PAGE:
Predicting real transportation fuel combustion properties: Distinct chemical functionalities in hydrocarbon laminar burning velocities

Karla Dussan, Frederick L. Dryer, Sang Hee Won, Stephen Dooley

Research output: Chapter in Book/Report/Conference proceedingConference contribution

1 Scopus citations


A set of laminar burning velocities for various hydrocarbon fuels is analysed for commonality with regard to each fuels chemical functional groups. However, though this approach makes sense from the view point of chemical kinetics, from theory, the laminar burning velocity also depends on the mass diffusivity and the flame temperatures that are imparted by the fuel/air mixtures, in addition to the contribution from the reaction kinetics. This paper delineates measured laminar burning velocities of a hydrocarbon library by multiple linear regressions to independently calculated fundamental quantities (heat capacity, density, thermal conductivity and reaction enthalpy), leaving any important differences in reaction kinetic potential unambiguously exposed. By this analysis, it is found that the laminar burning velocity of all saturated normal alkanes are closely equivalent, somewhat surprisingly, including that of methane and ethane. Burning velocities of the cycloalkane and isomerized alkane molecular class also fall consistently along this common branch. Large deviations from the common branch are observed only for molecules bearing the aromatic functionality, and for the unsaturated alkanes; ethylene, acetylene and iso-butene. The distinctiveness of these deviations, and the fundamental ordering responsible for the common branch are explained by the analysis of chemical kinetic model calculations. It is further shown, that any distinctive chemical kinetic character of higher hydrocarbon (>C4) burning velocities, no matter the functionality, can be apportioned by the relative mass fraction of methyl (CH3), methylene (CH2) and Benzyl (C6H5CH2) molecular fragments present in the fuel structure. Finally, the reverse of this fundamental analysis is utilized to make quantitative predictions of the laminar burning velocity for a series of real aviation fuels and gasolines, by the quantitation of their molecular fragments via Nuclear Magnetic Resonance Spectroscopy. It is shown that this approach can provide accurate and rapid predictions, superior to those of detailed chemical kinetic models, for combustion properties of real transportation fuels that are important to the performance and design of engine technologies.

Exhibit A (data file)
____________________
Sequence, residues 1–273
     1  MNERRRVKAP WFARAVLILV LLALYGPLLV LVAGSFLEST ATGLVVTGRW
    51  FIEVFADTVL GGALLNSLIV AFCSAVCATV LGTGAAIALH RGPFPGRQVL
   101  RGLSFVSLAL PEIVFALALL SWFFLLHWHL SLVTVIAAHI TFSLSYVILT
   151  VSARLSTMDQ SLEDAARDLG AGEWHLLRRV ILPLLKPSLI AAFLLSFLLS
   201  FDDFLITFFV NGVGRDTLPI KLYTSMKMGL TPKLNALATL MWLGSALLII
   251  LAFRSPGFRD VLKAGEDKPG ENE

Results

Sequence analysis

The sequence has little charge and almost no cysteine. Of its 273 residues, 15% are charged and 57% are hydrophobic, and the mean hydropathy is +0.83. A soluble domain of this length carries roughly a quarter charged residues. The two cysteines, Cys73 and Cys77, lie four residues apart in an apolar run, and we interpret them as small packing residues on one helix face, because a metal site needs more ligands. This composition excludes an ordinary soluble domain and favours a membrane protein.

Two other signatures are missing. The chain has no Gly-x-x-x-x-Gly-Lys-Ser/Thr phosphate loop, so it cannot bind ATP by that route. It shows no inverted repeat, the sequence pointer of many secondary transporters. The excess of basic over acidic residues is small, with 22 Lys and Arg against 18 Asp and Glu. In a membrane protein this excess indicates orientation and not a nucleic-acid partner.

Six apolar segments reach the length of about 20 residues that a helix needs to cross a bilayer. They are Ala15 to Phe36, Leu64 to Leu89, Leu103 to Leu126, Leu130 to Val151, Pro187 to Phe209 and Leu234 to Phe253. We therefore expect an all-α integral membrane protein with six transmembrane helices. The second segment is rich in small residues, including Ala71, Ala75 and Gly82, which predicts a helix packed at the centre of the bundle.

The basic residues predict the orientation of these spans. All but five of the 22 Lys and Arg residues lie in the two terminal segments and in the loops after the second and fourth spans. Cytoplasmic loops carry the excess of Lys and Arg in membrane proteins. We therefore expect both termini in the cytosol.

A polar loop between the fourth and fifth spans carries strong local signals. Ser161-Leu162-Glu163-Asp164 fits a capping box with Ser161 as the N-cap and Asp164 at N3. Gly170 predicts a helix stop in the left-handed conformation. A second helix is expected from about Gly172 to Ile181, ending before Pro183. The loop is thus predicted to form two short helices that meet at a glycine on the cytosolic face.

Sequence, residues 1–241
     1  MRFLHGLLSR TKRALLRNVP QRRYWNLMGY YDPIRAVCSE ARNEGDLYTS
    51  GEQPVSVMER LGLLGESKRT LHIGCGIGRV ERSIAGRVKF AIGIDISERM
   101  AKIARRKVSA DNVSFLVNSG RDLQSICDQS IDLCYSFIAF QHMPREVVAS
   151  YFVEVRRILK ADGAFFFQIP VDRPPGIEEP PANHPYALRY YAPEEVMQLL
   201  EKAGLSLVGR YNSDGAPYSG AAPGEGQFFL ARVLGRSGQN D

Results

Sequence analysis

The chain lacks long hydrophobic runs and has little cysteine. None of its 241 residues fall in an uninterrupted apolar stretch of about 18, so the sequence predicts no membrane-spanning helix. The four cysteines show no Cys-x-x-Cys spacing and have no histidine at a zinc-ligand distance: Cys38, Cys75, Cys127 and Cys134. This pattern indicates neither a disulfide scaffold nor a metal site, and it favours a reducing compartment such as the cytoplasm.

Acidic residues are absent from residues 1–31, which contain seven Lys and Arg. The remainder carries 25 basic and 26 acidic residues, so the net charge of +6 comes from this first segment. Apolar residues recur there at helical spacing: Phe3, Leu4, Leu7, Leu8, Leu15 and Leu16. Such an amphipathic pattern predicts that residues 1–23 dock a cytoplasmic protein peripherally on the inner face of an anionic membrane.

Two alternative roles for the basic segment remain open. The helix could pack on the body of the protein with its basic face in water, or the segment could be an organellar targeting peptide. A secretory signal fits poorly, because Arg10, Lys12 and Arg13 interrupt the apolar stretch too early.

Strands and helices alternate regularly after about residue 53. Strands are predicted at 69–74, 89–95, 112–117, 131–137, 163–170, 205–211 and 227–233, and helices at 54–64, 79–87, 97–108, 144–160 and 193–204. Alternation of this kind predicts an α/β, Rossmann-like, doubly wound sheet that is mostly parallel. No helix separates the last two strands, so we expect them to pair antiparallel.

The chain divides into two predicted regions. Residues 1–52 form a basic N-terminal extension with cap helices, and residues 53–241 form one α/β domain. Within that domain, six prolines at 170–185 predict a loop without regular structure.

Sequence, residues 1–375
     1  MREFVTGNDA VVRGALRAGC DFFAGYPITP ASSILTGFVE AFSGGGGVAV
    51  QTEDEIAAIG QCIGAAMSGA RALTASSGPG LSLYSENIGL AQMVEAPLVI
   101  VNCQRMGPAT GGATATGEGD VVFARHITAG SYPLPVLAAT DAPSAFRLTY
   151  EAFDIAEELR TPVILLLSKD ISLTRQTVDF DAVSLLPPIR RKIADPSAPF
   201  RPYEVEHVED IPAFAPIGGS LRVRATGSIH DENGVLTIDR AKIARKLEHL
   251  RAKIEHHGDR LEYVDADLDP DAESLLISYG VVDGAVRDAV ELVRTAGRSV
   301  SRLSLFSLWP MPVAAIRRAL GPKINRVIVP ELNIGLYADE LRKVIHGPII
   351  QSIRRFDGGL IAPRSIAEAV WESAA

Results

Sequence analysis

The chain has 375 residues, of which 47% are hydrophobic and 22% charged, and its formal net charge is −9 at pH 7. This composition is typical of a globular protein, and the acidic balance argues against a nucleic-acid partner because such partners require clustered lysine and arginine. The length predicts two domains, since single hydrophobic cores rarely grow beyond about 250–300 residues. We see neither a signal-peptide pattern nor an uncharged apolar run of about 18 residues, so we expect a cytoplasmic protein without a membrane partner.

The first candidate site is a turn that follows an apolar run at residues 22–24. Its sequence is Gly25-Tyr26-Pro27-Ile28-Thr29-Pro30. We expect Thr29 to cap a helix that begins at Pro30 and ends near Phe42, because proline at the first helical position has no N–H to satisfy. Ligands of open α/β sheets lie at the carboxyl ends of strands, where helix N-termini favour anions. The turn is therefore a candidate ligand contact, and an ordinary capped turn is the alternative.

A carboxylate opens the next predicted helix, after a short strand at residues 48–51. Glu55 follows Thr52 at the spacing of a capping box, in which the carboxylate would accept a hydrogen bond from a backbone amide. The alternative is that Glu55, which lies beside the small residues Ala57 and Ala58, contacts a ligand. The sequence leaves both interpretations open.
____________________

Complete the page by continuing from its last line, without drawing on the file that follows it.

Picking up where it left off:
Original languageEnglish (US)
Title of host publication10th U.S. National Combustion Meeting
PublisherEastern States Section of the Combustion Institute
StatePublished - Jan 1 2017
Externally publishedYes

Bibliographical note

KAUST Repository Item: Exported on 2022-06-28
Acknowledgements: Research reported in this publication was supported by competitive research funding from King Abdullah University of Science and Technology (KAUST).
This publication acknowledges KAUST support, but has no KAUST affiliated authors.


Dive into the research topics of 'Predicting real transportation fuel combustion properties: Distinct chemical functionalities in hydrocarbon laminar burning velocities'. Together they form a unique fingerprint.

Cite this